NEM Yes, the code above could be shortened to just a couple of procedures using TclOO as the majority of the code is a simple hand-rolled OO system (based on neo etc.). The interesting thing about message-passing, which was hinted at in the original Smalltalk documentation, if not before, is the separation between the notion of a message (which is sent to an object/actor) and a method that responds to it. This separation is almost entirely lost in "modern" OO languages like Java and C#. As you say, one consequence of maintaining the separation is that you can handle unknown messages and filter all messages. Another consequence is that you can change the way that messages are mapped to methods, such as by making delivery asynchronous (as here). Another possibility is that there may be more than one method corresponding to a given message, and then you can use some guard condition or other deliberative mechanism to choose which method to run. At the simplest level, these guards might correspond to the sort of guarded functions used in functional programming languages such as Haskell, where we can write (reading the | character as "when"):

myFunc x y | x < y = x
myFunc x y | otherwise = y

At the more sophisticated end of the spectrum we can combine this with techniques from logic programming and databases so that our guard clauses can not only test the arguments to the function, but also perform complex queries against an internal database ("belief-base"). This end of the spectrum is being explored currently in various agent-oriented programming languages, such as AgentSpeak(L), Jason, 2APL/3APL, GOAL, etc. There you can combine Prolog-style logic programming databases with event-condition-action rules such as the following (pseudo-code):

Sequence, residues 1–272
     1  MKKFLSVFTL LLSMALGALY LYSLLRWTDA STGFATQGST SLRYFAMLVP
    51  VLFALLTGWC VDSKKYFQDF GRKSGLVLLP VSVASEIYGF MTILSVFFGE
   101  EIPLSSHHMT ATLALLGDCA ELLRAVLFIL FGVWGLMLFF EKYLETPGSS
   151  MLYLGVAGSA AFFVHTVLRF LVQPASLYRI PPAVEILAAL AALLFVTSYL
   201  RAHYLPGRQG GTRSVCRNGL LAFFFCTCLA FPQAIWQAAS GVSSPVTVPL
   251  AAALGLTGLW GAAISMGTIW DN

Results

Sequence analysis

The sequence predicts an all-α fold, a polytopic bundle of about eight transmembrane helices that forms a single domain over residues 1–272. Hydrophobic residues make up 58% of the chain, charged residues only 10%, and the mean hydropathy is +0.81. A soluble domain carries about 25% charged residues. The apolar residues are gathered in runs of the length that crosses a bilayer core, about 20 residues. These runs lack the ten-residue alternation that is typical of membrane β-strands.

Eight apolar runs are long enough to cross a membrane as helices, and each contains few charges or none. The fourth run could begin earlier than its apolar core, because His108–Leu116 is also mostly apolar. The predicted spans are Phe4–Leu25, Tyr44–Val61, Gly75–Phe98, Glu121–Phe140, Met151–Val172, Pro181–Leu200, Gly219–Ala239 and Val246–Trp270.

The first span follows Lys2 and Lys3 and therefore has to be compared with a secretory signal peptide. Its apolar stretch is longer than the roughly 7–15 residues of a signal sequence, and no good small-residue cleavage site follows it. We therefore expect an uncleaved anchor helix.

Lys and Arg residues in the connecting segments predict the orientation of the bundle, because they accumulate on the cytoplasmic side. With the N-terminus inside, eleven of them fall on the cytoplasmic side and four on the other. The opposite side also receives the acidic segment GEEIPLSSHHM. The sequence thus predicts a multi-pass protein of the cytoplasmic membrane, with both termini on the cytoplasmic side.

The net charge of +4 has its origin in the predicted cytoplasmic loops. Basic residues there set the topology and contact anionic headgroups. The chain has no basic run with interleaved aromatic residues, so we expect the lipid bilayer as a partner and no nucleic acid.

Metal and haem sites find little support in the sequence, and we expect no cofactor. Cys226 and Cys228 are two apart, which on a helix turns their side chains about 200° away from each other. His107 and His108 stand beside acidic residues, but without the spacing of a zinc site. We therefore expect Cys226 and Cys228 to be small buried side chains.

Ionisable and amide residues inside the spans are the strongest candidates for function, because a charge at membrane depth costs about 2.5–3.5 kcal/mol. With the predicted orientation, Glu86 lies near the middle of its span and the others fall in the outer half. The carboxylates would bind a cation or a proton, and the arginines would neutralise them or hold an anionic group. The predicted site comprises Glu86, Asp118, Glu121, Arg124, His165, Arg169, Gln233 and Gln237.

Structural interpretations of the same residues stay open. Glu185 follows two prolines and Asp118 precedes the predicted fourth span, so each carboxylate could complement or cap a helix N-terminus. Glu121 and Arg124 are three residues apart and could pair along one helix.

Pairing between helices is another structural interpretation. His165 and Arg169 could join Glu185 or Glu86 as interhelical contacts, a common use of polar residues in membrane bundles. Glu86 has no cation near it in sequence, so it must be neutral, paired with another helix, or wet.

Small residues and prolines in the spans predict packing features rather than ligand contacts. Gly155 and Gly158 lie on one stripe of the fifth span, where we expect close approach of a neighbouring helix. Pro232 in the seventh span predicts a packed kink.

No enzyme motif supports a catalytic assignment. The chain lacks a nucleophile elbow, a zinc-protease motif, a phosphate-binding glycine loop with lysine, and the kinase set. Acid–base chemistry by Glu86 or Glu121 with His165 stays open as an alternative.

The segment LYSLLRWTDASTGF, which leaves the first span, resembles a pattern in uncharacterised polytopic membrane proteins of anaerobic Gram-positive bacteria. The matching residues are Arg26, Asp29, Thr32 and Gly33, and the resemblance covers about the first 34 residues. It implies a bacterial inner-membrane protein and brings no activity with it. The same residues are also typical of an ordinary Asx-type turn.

parent(X,Y) :- father(X,Y).
parent(X,Y) :- mother(X,Y).
ancestor(X,Y) :- parent(X,Y).
ancestor(X,Z) :- parent(X,Y), ancestor(Y,Z).

on see(Person) | ancestor(Person,jeff) -> say("Hello, " + Person + " who is an ancestor of Jeff!").
on see(Person) | otherwise             -> say("Hello, " + Person).

This is a highly contrived example, obviously, but you can see the potential: a message is matched to a method not only by its name, but also potentially on the content of the message and by arbitrarily complex queries over the object's (actor's/agent's) internal database. Add in persistence and transactions to that database, and you have the basis of an extremely powerful approach to programming. 'Would be great to implement that on top of TclOO. Someday soon...

AK - 2010-07-20 14:45:03

Another way where the distinction between message and method is important is time. Add in some delays, maybe configurable, and the above is also a framework for event-based simulation of processes, like digital electronic circuits. Due to the use of Tcl's event loop such can then also be fitted with a nice GUI without disrupting anything.